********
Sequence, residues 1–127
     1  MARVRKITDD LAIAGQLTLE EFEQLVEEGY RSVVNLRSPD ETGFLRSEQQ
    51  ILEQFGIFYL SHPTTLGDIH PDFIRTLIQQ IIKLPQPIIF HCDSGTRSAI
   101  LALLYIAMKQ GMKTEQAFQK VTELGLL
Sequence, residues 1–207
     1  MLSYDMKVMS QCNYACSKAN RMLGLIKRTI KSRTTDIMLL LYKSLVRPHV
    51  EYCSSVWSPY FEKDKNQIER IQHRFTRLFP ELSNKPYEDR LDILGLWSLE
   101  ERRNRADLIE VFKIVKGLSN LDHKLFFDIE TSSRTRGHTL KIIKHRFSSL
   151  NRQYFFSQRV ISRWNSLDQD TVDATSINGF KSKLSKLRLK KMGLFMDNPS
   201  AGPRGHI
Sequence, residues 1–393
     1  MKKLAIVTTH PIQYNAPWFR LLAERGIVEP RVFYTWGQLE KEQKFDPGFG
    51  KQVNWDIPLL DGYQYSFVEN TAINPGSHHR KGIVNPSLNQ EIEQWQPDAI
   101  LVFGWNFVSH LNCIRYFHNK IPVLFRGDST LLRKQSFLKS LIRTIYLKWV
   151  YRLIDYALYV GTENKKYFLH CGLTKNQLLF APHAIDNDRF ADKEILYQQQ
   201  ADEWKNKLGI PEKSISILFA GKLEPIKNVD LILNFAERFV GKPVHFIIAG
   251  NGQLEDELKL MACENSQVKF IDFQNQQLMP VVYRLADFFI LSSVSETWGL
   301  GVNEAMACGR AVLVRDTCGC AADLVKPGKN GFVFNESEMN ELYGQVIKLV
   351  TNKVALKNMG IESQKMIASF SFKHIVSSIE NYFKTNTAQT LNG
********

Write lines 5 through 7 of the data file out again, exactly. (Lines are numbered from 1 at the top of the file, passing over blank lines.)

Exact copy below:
Sequence, residues 1–207
     1  MLSYDMKVMS QCNYACSKAN RMLGLIKRTI KSRTTDIMLL LYKSLVRPHV
    51  EYCSSVWSPY FEKDKNQIER IQHRFTRLFP ELSNKPYEDR LDILGLWSLE